Here in Seattle, the cultural sector is responding to these trends and developments in thoughtful and innovative ways. Arts and culture express what is good and healthy in our city. The arts are a bright spot in our neighborhoods, making enormous contributions to our well-being and quality of life and to our local economy. Thank you for all you do to make Seattle one of the most vibrant and culturally rich cities in the nation.

Michael Killoren
Director
Artists sought for temporary storefront installations
 
 
 
Vacant storefront in Pioneer Square. Photo by Paul Rucker.
 
The Office, in partnership with Shunpike, seeks up to 12 artists to develop temporary installations for vacant storefronts in Seattle's Pioneer Square and Chinatown/International District neighborhoods. The installation project, titled Storefronts Seattle, will be on display from September to November 2010.

The call is open to artists living within 100 miles of Seattle. Artwork may be in any two-dimensional, three-dimensional or new media. Artists may be selected for more than one installation and will receive $500 per installation. Application deadline is 11 p.m., Monday, July 26. Click here to link to the online application and review the call and guidelines for temporary installations.

Storefronts Seattle is a pilot program to make vacant storefront space available for creative uses in Pioneer Square and the Chinatown/International District with the possibility of future expansion to other Seattle neighborhoods. The installation project is part of a series of opportunities that include artist residencies in storefronts, where visual and performing artists can create work, rehearse and perform. For more information or to apply for an artist residency, visit Shunpike's website.

Partner organizations for Storefronts Seattle are the Seattle Office of Arts & Cultural Affairs, Seattle Chinatown/International District Preservation and Development Authority, Chinatown/International District Business Improvement Area, The Alliance for Pioneer Square and Shunpike.
 
 
Mt. St. Helens Vietnam Band will perform at City Hall plaza, July 8. Photo by Chona Kasinger.
 
Rock, shake, groove at free summer concerts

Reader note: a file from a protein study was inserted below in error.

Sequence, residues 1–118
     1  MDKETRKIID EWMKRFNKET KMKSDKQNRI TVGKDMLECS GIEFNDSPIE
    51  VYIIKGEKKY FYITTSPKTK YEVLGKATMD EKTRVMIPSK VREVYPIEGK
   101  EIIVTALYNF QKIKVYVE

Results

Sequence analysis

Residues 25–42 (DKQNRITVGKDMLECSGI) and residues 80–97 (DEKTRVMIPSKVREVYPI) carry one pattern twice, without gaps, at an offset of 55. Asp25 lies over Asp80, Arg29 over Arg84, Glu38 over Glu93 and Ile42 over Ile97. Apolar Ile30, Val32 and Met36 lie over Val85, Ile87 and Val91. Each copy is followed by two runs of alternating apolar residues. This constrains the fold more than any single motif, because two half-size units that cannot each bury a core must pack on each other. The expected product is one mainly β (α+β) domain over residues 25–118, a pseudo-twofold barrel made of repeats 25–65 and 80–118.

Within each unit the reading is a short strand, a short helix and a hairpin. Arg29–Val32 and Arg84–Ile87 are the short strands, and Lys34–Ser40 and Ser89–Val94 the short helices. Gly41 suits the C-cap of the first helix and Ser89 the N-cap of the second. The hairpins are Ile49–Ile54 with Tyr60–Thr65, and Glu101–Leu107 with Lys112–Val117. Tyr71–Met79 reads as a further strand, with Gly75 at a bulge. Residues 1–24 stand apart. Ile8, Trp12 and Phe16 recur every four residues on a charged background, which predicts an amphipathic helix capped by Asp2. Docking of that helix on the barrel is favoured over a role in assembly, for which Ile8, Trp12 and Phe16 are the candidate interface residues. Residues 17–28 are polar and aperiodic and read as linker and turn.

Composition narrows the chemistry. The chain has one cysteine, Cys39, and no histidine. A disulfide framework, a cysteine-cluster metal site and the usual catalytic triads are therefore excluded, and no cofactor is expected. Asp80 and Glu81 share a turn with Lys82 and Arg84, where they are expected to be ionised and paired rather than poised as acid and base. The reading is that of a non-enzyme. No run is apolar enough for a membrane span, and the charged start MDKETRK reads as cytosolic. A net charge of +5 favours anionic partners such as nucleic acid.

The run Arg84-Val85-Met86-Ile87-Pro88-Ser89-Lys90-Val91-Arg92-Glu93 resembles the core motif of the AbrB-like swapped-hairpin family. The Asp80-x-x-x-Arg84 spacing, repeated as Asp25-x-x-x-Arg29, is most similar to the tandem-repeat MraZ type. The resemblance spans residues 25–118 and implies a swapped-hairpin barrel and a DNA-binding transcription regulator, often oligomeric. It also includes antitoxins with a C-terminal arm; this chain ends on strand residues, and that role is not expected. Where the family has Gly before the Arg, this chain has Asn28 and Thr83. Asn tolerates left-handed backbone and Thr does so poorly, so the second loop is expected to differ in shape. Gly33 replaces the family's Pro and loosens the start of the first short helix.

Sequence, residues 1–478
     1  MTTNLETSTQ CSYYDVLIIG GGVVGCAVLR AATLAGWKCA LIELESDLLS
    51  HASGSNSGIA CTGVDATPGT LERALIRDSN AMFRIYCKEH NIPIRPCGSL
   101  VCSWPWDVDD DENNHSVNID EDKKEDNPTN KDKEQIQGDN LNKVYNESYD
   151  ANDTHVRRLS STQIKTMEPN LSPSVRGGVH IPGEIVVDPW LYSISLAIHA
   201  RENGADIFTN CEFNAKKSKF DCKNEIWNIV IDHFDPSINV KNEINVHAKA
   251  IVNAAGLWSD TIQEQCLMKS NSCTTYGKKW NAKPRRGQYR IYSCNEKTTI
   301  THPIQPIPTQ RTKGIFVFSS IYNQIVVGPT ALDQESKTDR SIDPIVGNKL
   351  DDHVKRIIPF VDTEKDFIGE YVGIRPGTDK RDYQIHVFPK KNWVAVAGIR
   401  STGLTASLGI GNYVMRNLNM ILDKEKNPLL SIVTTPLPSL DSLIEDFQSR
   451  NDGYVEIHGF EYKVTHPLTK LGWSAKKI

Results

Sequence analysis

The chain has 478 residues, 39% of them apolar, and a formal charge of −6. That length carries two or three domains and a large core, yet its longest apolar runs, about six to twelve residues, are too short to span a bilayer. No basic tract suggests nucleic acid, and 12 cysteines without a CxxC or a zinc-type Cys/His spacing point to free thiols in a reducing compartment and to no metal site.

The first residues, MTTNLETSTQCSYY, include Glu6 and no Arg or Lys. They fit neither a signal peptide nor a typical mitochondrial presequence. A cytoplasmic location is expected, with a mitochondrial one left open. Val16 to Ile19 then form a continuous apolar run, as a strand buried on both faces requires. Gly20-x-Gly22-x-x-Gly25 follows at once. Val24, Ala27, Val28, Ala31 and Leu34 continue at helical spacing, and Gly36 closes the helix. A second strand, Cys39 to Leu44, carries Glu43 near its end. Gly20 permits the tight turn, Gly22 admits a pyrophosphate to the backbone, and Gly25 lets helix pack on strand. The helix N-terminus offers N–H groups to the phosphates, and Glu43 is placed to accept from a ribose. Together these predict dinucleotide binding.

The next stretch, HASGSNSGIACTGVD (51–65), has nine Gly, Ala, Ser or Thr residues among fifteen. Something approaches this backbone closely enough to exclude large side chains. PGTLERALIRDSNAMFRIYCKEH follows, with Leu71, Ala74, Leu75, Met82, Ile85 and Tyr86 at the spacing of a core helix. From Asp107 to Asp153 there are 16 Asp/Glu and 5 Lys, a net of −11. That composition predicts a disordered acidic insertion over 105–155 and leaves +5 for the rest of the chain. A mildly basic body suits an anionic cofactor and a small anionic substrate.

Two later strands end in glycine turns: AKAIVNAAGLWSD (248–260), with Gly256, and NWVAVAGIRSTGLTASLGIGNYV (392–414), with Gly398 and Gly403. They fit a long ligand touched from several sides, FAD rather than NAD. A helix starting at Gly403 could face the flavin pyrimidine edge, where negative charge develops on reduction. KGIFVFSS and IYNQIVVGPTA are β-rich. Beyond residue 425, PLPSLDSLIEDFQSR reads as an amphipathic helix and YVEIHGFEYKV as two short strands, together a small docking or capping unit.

The Seattle Presents summer concert series kicks off at noon, Thursday, July 1, at City Hall with an explosion of movement and music from DANCE This! The summer line-up features the quirky pop of Mt. St. Helens Vietnam Band, delicious soul tunes by Choklate, kiddie-pop jams from The Not-Its!, an urban square dance with The Tallboys, Jamaican reggae grooves from Clinton Fearon & Boogie Brown Band and many more.

Check our concert calendar and catch free noon concerts every Thursday during July and August. All performances are from 12 to 1:30 p.m. In case of rain, most performances will take place inside City Hall and conclude at 1 p.m. Check the Seattle Presents website for the latest information.
 
 

 
Discover Seattle bands with free MP3s
 
We are giving away over a dozen studio tracks and live recordings for the low, low price of a fan survey. Click here, answer four questions and feast your ears on tunes from Mt. St. Helens Vietnam Band, Handful of Luvin', The Not-Its!, Tingstad & Rumbel, Del Rey, Seattle Chamber Players, Jovino Santos Neto and many more!

This free Seattle music sampler features 13 live recordings from concerts at City Hall and five studio tracks from bands headlining summer concerts at City Hall.
Funding application for individual artist projects closes July 20
 
 
 
2009 CityArtist Jennifer Zeyl provided set design for Degenerate Art Ensemble's production of Sonic Tales. Photo by Bruce Clayton Tom.
 
Seattle-based individual artists working in the performing arts—dance, music and theater—have until Tuesday, July 20 to apply for up to $10,000 to fund projects in 2011 through the CityArtist Projects program. Click here to link to the online application.